Art duet

A collaboration in wood, fiber and earthenware

The title of the latest exhibit at Chico’s 1078 Gallery, We Live Here Now, reflects the recent history of artists Jacob Troester and Mattie Hinkley. After carrying on a two-year long-distance romantic relationship—she in Virginia, he in California—they ended up in Chico, happily living and making art together for the last several months.

That happiness is reflected in this exhibit. It’s a collection of nearly 70 mostly small, whimsical sculptural pieces made from some combination of earthenware (that is, fired clay), fiber and wood. These elements are mixed and used in a variety of clever ways, some as standing sculptures, others as wall pieces.

What’s especially interesting is that, while the artists have named the many pieces in a separate list, they have declined to indicate which of them made what. When I asked Hinkley about this, during a recent interview at the gallery, she said it wasn’t intentional, but rather the result of their working so closely together. “Over time we’ve moved closer together, both emotionally and artistically,” she explained.

Hinkley’s specialty is working with wood, but she has studied and trained in several disciplines, including illustration and ceramics. Troester, who is a Chico native, has a similarly diverse artistic background that includes fiber arts as well as ceramics. A Chico State grad, he currently works as the technician in Butte College’s ceramics lab.

“Um & Pillar” (Photo by Jason Cassidy)

The couple shares expertise with earthenware and often work together on ceramic figures. They freely mix and combine their core elements, so that a piece made to look like a vase made from woven fiber (“Basket Vase”) is actually made from clay.

My personal favorite is “Um & Pillar,” which features a cremation urn perched atop a four-foot-high cherry wood pedestal. Hinkley said she built the piece following the death of her beloved 17-year-old dog as a way to memorialize his life.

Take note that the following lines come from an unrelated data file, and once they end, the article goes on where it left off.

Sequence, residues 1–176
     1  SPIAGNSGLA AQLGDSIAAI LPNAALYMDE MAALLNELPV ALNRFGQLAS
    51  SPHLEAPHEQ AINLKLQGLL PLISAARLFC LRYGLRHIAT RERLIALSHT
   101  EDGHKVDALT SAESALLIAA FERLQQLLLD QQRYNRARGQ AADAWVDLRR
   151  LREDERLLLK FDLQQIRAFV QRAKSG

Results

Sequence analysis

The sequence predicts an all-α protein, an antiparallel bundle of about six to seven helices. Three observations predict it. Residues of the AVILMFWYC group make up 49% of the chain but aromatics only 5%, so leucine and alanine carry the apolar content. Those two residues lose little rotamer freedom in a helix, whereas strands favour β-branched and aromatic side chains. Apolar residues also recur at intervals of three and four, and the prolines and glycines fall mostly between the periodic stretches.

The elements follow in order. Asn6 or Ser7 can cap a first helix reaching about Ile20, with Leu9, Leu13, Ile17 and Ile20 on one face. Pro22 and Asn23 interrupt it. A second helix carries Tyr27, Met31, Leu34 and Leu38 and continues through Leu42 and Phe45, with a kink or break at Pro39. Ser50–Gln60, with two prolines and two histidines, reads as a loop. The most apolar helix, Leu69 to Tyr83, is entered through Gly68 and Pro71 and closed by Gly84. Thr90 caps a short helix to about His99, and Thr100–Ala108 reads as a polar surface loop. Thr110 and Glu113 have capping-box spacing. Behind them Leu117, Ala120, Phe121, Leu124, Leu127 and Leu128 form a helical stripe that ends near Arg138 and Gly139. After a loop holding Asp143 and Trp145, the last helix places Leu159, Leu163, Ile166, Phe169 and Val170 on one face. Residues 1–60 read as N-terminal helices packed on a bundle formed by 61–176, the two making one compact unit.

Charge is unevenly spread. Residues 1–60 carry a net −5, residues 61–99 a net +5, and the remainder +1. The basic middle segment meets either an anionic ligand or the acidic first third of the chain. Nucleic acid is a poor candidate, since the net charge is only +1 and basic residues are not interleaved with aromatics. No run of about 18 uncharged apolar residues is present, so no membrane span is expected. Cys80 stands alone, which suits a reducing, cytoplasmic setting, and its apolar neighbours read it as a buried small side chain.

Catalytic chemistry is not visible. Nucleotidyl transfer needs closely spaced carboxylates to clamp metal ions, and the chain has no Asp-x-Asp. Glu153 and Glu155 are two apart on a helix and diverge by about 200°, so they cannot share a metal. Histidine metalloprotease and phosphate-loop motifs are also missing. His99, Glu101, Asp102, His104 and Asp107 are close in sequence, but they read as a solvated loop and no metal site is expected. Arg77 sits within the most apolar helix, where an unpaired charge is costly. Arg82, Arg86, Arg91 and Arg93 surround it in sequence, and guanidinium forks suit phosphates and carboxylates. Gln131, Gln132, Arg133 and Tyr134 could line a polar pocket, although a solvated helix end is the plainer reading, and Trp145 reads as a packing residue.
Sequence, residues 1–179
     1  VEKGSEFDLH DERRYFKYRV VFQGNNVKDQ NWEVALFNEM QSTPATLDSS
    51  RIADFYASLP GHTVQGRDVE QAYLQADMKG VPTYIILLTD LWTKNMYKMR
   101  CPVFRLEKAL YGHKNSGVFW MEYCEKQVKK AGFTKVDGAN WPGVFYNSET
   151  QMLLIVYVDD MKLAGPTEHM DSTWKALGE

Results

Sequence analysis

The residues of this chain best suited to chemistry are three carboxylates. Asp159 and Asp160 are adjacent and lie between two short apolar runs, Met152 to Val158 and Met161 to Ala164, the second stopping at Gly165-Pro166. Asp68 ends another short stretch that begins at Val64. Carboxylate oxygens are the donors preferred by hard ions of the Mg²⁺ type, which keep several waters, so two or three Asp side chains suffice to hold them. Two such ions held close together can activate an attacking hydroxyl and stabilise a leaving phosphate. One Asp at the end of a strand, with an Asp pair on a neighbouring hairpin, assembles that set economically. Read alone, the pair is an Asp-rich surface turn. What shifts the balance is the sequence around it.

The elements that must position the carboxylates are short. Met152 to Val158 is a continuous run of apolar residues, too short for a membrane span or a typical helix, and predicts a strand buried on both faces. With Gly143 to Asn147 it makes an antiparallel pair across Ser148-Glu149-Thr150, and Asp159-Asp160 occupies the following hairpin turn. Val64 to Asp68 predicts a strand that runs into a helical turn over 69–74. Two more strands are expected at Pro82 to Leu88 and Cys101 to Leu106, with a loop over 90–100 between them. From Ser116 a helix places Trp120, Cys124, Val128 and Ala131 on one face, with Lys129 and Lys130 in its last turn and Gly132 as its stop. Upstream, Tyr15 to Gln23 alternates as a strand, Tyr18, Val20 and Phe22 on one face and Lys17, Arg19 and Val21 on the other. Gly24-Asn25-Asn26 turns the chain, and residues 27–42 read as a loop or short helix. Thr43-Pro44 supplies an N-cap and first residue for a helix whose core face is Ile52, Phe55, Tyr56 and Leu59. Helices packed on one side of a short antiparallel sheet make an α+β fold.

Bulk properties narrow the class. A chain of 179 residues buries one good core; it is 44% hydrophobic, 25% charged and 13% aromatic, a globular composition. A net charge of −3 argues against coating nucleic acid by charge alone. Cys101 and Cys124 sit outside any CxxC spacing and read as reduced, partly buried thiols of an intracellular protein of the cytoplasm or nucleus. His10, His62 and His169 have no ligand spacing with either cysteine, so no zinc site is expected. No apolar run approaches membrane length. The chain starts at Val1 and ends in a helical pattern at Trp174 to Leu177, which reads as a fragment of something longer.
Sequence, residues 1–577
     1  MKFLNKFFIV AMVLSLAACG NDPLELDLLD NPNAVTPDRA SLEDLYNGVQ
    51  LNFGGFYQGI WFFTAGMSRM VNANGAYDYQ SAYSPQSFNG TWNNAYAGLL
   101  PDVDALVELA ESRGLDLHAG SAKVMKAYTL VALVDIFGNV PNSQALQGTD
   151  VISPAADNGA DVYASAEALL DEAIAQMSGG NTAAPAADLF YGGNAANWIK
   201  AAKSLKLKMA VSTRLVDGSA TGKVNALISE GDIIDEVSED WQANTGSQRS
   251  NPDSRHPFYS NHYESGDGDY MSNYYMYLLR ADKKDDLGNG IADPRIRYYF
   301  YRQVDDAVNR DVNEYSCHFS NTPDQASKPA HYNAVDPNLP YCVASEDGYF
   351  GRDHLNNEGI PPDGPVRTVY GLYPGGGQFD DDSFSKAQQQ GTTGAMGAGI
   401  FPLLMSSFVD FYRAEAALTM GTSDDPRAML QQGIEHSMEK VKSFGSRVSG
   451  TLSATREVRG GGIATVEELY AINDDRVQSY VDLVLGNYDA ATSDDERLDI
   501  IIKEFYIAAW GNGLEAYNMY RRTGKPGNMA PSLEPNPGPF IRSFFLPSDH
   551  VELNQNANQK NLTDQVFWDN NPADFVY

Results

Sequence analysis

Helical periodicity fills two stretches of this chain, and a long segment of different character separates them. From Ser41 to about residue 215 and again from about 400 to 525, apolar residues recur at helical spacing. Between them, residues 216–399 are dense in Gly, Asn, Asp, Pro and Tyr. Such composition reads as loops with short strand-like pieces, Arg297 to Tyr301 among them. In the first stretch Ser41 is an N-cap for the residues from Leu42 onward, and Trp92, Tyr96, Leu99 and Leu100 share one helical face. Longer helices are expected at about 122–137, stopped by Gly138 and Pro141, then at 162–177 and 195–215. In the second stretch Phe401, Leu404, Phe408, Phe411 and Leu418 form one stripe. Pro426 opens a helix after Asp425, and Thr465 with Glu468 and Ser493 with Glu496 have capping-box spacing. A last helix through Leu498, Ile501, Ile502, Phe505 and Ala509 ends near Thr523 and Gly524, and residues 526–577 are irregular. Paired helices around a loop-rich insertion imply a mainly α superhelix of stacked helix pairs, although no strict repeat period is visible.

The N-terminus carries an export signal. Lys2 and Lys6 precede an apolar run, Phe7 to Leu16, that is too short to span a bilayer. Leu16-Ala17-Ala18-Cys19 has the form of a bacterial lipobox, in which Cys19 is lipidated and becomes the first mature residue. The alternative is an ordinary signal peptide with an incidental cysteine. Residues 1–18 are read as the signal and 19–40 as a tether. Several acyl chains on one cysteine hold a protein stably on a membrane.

When I asked Hinkley what she wanted viewers to take away from the show, she replied, “We want people to experience joyfulness and comfort with our work.”

Jacob Troester and Mattie Hinkley (Photo by Carly Hayes)

At the same time, the couple is well aware of the privilege they enjoy “of being able to devote time and resources toward creating artwork centered around craft practices and ideas of home,” as they write in their artists’ statement. They continue: “We recognize that we live within an unfair system in which many, many people have never known—or have been stripped of—the safety, comfort and security we hold dear.”

In response, they will donate one-third of the income from this show to the group National Bail Out, which is focused on reform of the bail system that has played such a major role in mass incarceration.

They’ve made their artwork affordable, with prices ranging from just $36 (for a unique ceramic cup) to $600, with most coming in from $100 to $300. This is a good opportunity for folks to add some delightful handmade art to their homes.

We Live Here Now shows through Nov. 22, same day as the closing reception, 1-4 p.m. Gallery hours: Friday-Sunday, 10 a.m.-2 p.m. The 1078 is practicing social distancing and not allowing more than eight people in at once. 1078 Gallery, 1710 Park Ave.

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